NPR logo Online Booking Woes Turn Many Travelers Off

Online Booking Woes Turn Many Travelers Off

Tips For Online Booking And Travel

  • Comparison shop: Consult more than one Web site to see that you're getting the best deal. That means looking at different airlines and online travel agencies.
  • Think about all the fees you might encounter, including those for checking a bag as well as for food, beverages, headsets, blankets and other amenities. Factor these into your overall cost before you buy a ticket. These can add up — especially for a family trip
  • When booking online with a carrier or online travel agency, consult the seat map. See what's available at the time of your booking and pick the best seat available at that time.
  • Check in online with the carrier 24 hours before departure. Even if you don't have access to a printer to print your boarding pass, you can still check in using a computer, smart phone or any other Web-enabled device. It's still possible to get your boarding pass printed at the curbside check-in or at the airline ticket counter. Make seat adjustments if you need to.
  • When arriving at the airport, don't check your bag until you have an actual seat assignment.
  • Troubleshoot with a human: If the computer kiosk at the airport isn't giving you the seat assignment you want, ask for help or walk up to a customer agent at the check-in counter.

—Joshua Brockman

When travelers search for flights on, they can click on a link to see if checked baggage fees apply. Courtesy of Travelocity hide caption

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Courtesy of Travelocity

When travelers search for flights on, they can click on a link to see if checked baggage fees apply.

Courtesy of Travelocity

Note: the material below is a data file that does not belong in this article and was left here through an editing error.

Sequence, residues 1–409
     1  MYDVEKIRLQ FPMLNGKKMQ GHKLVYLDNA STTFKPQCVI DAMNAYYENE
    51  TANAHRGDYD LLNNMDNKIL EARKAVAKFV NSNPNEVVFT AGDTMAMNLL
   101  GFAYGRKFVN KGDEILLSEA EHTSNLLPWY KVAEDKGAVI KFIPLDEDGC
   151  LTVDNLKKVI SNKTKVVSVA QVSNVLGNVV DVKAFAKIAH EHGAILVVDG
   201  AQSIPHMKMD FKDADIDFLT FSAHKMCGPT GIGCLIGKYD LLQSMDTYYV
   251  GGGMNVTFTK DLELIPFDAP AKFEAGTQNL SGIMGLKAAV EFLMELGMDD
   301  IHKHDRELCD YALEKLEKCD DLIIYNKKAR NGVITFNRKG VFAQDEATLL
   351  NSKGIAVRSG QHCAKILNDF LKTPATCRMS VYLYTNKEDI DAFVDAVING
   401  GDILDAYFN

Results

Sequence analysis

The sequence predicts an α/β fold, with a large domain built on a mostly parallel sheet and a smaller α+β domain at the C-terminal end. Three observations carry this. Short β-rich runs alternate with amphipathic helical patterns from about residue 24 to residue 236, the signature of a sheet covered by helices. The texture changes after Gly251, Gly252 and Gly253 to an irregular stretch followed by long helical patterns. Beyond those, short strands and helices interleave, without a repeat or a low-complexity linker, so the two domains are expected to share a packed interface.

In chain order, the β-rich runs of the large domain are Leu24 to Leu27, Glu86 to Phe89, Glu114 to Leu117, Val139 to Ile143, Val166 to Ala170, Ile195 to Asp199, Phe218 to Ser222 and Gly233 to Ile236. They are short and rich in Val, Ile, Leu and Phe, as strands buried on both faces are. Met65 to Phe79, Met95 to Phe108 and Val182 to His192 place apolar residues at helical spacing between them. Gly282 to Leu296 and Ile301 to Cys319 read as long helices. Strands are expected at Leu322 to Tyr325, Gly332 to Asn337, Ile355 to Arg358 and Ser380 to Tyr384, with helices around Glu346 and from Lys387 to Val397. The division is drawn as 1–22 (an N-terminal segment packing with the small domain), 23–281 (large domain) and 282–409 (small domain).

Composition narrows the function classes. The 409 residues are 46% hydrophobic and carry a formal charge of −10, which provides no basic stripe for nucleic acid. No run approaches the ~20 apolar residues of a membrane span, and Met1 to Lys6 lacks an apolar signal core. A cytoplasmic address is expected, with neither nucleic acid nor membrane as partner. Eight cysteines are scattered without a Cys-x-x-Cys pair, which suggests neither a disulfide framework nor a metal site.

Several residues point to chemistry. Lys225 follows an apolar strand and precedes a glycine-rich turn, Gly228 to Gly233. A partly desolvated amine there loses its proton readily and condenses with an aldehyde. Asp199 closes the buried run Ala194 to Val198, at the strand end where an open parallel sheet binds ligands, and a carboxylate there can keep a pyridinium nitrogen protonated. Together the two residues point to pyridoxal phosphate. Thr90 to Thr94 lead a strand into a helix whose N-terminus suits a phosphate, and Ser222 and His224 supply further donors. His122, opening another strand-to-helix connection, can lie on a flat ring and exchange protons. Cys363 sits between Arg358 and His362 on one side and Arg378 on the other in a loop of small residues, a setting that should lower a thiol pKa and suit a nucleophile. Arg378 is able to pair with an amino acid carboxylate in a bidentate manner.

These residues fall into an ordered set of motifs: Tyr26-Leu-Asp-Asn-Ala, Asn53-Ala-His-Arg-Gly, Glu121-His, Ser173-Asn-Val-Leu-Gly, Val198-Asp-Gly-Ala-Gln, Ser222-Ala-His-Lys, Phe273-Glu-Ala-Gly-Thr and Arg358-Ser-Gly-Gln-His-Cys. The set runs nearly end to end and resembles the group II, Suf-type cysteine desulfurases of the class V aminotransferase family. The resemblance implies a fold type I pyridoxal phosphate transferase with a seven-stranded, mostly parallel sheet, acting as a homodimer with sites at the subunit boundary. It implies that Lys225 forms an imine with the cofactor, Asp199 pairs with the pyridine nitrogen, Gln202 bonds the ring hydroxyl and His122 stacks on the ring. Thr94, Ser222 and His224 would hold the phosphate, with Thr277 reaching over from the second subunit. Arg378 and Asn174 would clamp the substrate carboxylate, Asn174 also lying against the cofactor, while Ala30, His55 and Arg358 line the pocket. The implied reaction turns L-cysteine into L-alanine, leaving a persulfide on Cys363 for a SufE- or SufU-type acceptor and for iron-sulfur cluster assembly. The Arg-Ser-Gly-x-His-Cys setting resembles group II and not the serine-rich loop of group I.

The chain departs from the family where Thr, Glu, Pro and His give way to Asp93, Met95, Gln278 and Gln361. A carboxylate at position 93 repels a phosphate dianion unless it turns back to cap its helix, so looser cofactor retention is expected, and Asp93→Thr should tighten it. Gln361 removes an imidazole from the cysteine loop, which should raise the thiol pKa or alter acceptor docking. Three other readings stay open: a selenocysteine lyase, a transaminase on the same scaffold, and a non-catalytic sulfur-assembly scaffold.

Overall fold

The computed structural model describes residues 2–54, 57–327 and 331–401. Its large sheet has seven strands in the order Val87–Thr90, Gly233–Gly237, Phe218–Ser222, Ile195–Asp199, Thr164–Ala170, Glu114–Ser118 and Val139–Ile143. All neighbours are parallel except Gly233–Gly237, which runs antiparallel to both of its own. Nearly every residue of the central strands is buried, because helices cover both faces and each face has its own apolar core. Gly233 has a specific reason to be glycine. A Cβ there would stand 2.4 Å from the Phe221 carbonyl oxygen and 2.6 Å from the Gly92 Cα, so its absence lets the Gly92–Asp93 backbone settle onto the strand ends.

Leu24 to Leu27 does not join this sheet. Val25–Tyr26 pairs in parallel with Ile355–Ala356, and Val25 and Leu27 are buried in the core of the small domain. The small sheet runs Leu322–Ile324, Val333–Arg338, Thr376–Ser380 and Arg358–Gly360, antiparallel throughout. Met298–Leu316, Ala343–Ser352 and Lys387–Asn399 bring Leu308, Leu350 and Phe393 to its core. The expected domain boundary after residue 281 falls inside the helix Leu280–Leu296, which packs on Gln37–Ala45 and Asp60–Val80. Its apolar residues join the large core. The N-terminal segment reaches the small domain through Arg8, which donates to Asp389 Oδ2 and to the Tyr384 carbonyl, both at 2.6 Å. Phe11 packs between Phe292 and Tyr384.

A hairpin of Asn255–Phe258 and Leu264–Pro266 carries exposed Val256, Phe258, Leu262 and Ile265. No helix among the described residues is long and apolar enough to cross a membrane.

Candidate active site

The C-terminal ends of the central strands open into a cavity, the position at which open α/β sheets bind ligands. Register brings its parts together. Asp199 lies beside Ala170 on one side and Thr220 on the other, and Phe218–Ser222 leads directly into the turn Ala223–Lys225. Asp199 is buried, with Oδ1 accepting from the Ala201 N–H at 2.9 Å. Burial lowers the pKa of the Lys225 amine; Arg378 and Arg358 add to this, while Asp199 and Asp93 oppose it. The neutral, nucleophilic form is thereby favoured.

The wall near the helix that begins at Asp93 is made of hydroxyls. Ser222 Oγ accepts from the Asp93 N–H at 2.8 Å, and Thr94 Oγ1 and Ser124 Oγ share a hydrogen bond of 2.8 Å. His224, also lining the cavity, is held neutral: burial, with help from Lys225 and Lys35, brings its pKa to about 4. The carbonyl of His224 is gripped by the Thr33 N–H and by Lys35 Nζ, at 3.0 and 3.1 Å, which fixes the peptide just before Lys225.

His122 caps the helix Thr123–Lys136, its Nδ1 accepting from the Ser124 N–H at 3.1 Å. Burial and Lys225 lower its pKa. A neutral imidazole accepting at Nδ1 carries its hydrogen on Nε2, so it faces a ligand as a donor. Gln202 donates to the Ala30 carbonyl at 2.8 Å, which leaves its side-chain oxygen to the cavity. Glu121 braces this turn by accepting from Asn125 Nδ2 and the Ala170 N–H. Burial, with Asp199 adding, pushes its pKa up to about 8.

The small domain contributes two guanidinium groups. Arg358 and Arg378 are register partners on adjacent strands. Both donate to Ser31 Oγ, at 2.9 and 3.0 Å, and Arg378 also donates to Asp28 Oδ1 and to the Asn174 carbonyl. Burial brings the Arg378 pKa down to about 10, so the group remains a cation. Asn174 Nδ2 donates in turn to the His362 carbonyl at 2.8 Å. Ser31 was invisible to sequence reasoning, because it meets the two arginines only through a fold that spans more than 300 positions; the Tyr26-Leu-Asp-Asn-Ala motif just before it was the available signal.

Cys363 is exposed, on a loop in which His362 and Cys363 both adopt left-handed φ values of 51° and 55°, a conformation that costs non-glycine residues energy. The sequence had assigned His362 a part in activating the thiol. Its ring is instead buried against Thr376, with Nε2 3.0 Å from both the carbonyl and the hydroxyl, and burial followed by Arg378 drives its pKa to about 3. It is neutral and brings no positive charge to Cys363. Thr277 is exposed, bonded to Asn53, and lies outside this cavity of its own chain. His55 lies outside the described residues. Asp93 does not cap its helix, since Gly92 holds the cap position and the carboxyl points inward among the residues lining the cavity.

Purchasing a product from an online retailer can be a snap. But when it comes to airline travel, it isn't always a joy ride.

Some travelers have been venting their frustrations on Twitter. That's where David Austin turned when American Airlines' Web site didn't automatically show him the cost of the flight he wanted to book.

"I care about cost, time [when I leave and arrive] and, if I've got stopovers, how much time in between flights," says Austin, a 30-year-old manager of a Web team for an oil and gas company in Calgary, Alberta. "[American's] site looked like a giant spreadsheet and I had no idea what I really had to do next."

Austin says he'll guide his fingers to the telephone — not the mouse — the next time he tries to book a flight with American.

Billy Sanez, a spokesman for American, says the airline surveys its online customers regularly and revises the site every two weeks. "We try to create a Web site that is sort of uniform to the masses because we do talk to 1.6 million people a day on," he says.

Do-It-Yourself Booking

"The expectation that consumers have is that Web sites should make us completely self-sufficient," says Henry Harteveldt, principal analyst for airline and travel research at Forrester Research. "We've embraced the do-it-yourself nature of planning and booking flights online, but it's not always as easy to do that as we would like it to be."

Since 2007, there's been a steady decline in the percentage of travelers who actually like using the Internet to research and purchase any kind of travel, according to an online travel survey conducted in February by Forrester. Those who enjoy using the Internet to both plan and buy travel dropped from 53 percent in 2007 to 45 percent in 2009, the survey found.